With the Clarks Fork of the Yellowstone to the west, and the Bighorn River to the east, the mountains are situated in the perfect spot for anyone living in the area, or merely passing through. For millennia peoples belonging to as many as thirty different native tribes have called the area “home” at some point in their history.

Throughout the mountains, from the northern temperate forests along Sage Creek, to the flat upper reaches of Big Pryor Mountain, down into the dusty and dry canyons on the south, evidence of use abounds. Pictographs and petroglyphs adorn the rocks, while stone flakes and the occasional arrowhead will surface. Aaron Big Man Brien, a Crow Tribal member and instructor of Tribal Historic Preservation at Salish Kootenai College, tells us that while it’s debated, there is even a projectile point that many believe to be unique to just these mountains.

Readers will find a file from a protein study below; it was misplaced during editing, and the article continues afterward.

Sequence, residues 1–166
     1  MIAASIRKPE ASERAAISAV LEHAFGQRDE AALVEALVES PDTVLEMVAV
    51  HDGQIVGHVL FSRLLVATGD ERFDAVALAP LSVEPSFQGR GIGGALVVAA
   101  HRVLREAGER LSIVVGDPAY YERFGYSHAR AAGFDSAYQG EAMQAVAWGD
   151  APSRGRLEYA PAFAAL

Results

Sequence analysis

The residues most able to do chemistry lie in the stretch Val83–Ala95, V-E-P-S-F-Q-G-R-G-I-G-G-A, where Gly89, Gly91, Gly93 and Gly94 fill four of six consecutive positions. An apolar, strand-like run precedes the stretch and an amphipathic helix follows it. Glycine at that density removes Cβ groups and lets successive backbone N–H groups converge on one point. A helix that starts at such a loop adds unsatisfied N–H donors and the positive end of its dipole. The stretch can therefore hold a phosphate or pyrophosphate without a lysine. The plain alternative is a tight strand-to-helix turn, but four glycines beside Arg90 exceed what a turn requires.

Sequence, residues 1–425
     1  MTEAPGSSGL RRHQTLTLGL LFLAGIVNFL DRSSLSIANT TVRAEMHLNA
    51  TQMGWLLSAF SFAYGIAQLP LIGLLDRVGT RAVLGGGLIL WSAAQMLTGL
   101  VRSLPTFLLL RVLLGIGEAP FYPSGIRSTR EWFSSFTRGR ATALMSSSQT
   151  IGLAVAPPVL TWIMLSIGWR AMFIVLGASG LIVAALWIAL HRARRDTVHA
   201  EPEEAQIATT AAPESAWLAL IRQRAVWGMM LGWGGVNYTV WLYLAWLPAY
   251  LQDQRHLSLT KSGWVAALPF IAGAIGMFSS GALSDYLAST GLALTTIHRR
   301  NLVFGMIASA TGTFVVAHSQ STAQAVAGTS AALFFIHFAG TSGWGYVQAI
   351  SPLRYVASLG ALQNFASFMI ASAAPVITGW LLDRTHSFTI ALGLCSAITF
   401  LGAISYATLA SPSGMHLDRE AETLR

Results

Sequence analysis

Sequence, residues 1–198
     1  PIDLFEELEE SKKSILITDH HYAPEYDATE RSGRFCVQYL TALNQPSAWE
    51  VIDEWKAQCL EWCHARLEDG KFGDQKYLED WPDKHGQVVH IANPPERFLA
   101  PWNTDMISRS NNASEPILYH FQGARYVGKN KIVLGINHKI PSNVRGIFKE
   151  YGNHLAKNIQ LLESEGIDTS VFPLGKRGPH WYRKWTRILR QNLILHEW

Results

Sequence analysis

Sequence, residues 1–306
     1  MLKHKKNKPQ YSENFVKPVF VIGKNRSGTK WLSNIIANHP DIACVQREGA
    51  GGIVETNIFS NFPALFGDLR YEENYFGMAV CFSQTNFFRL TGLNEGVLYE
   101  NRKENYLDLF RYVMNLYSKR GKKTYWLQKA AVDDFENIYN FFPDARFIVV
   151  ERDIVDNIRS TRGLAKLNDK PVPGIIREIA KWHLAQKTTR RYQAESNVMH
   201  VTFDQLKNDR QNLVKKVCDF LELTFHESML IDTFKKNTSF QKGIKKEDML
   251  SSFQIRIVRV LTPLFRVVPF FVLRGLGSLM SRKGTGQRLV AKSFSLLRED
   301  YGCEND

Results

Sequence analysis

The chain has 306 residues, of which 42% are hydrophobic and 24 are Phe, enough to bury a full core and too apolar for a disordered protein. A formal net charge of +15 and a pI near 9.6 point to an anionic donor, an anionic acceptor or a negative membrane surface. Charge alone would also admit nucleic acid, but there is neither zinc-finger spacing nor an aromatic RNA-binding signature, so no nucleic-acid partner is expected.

Dotted throughout the mountain are fasting beds surrounded by small stone walls built over the years by the natives who left the rest of the tribe in order to fulfill their vow to the Creator. These individuals would promise four days of fasting if their request was granted; requests that ranged anywhere from success in wartime, to bountiful hunts, to a loved one overcoming illness. When the Creator showed his benevolence, the individual would spend their four days alone in supplication, without food or water, as a way of giving thanks for the answered prayer.